Arrow-right Camera


Men Make Promises For Keeps

Sun., March 19, 1995

The men cried. They hugged. They laughed, cheered and showed emotions normally as taboo as a pair of pink briefs.

Michael Jordan’s return to basketball? The end of the baseball strike? Free schooners at the corner tavern?

No. The Promise Keepers “Wake Up Call,” where Christian men are preached at, chastised and encouraged to become leaders in their homes and churches.

The special Saturday morning service in the Spokane Opera House drew 1,550 men who could have been ogling monster bucks at the Big Horn sports show or watching Oklahoma State stomp Alabama in the NCAA basketball tournament.

Instead, they listened for 2 1/2 hours, as speakers told them to love their wives, spend more time with their children, worship God and remain sexually pure.

“They’re bringing these men to their feet repeatedly,” said Donovan Khalar, 37, a salesman. “They’re reaching down and hitting these people where they live.”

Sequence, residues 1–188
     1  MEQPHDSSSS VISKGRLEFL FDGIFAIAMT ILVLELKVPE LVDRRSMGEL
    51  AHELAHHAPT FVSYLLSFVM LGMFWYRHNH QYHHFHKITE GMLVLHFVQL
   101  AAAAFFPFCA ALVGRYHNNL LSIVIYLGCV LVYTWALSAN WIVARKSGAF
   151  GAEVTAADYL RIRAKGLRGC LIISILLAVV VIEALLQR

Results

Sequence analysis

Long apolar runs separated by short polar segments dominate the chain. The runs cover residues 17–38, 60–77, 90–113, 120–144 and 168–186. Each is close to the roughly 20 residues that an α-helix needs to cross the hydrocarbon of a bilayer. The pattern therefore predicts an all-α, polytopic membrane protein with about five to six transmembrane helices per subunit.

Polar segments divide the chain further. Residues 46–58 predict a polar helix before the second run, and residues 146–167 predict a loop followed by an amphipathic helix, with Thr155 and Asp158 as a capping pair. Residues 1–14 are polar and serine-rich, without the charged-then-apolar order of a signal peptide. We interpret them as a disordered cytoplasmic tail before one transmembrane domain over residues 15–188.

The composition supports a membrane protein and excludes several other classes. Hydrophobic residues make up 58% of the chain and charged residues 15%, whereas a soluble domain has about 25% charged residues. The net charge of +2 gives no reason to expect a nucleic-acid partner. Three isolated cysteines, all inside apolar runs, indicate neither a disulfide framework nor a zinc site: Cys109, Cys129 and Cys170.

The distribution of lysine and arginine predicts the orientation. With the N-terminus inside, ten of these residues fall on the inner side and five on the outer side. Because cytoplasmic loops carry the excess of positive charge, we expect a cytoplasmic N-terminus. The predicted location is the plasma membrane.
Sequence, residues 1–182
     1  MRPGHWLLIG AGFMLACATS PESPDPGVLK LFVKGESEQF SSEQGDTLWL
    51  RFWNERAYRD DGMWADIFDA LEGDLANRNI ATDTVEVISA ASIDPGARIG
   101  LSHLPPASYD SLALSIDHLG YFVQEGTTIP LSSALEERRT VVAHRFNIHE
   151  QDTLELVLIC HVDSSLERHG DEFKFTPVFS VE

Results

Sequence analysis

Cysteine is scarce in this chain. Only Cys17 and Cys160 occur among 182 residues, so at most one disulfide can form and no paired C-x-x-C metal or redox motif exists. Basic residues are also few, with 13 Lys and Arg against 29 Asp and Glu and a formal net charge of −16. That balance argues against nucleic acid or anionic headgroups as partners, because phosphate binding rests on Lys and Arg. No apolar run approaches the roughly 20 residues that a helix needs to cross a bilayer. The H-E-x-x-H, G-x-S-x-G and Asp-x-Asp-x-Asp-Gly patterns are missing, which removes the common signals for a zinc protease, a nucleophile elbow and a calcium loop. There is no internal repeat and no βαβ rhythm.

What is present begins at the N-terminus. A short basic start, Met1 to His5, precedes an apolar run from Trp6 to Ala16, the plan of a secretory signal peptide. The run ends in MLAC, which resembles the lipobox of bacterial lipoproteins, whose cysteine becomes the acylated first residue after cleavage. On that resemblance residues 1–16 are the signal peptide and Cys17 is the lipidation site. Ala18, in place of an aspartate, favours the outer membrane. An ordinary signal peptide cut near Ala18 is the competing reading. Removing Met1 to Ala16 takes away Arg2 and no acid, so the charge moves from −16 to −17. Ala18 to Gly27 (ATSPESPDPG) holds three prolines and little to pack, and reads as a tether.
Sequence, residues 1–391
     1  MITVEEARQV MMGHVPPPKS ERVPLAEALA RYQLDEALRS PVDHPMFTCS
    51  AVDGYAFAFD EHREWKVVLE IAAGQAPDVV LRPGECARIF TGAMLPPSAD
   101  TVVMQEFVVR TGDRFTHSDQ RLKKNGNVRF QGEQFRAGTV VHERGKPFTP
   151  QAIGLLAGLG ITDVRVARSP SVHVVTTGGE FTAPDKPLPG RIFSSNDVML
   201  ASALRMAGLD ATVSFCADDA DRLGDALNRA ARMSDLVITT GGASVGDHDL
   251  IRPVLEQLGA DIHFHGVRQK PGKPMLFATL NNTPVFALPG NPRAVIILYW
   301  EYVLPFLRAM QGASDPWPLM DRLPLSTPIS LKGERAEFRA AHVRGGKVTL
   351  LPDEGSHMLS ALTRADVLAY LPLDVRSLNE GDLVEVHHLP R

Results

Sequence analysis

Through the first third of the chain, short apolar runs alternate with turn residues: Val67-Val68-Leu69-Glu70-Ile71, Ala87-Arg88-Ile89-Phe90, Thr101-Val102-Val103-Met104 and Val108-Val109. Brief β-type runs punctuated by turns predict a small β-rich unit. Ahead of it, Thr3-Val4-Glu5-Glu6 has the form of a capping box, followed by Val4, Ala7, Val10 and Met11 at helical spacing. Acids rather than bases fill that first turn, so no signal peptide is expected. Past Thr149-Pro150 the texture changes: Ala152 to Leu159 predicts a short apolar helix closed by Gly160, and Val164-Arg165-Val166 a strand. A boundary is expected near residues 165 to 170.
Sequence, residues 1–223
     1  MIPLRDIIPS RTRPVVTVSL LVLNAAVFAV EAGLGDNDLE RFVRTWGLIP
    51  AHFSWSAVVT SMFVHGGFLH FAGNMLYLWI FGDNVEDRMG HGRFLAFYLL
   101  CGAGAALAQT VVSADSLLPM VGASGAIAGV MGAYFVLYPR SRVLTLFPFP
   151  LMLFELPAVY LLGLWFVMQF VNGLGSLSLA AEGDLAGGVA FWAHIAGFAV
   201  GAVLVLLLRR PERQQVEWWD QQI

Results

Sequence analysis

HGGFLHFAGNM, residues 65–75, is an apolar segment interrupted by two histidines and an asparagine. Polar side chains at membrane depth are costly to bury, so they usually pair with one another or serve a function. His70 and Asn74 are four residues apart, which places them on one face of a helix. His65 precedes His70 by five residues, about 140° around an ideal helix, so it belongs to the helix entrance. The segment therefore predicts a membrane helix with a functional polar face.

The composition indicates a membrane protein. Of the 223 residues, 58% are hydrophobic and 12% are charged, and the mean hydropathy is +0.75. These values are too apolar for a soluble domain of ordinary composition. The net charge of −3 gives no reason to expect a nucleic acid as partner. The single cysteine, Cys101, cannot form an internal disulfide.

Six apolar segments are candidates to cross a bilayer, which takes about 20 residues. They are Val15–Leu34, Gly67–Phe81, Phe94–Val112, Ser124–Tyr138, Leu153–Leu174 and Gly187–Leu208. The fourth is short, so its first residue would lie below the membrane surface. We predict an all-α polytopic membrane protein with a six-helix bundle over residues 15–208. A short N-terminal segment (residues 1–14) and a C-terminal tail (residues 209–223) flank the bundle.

Promise Keepers is the men’s movement of Christianity.

Organizers estimate a quartermillion men have attended conferences across the United States since Bill McCartney founded the organization in 1991.

They hope to draw 500,000 to 13 conferences this year, including one in Seattle and another in Boise.

Saturday’s mini conference was a primer for those weekend conferences.

About 100 men, many of them weeping, responded to the Rev. Rob Moorhead’s invitation to come to the stage for prayer and counseling.

Others prayed, arms draped over each other’s shoulders, in quiet corners of the Opera House.

“Folks, I want you to know that Satan lost a major battle right here,” Moorhead told the cheering crowd.

Paul Spencer came to the Opera House a skeptic about the Christian men’s movement. He left slightly less so.

“A lot of what they’re saying isn’t exactly ground-breaking,” said the Whitworth College debate coach.

“They’re saying common-sense things that I can apply later, when I marry, and when and if I decide to raise a family.”

Ann Hall of Sandpoint sat in the lobby, waiting for her husband of 43 years to leave the service.

John Hall attended a Promise Keepers’ meeting two months ago in Pullman, and hasn’t been the same since, said Hall.

“He’s a man of prayer,” she said. “He notices details around the house, comments on the meals I prepare, little things like that.

“It makes me feel special again.”

Tags: religion

Click here to comment on this story »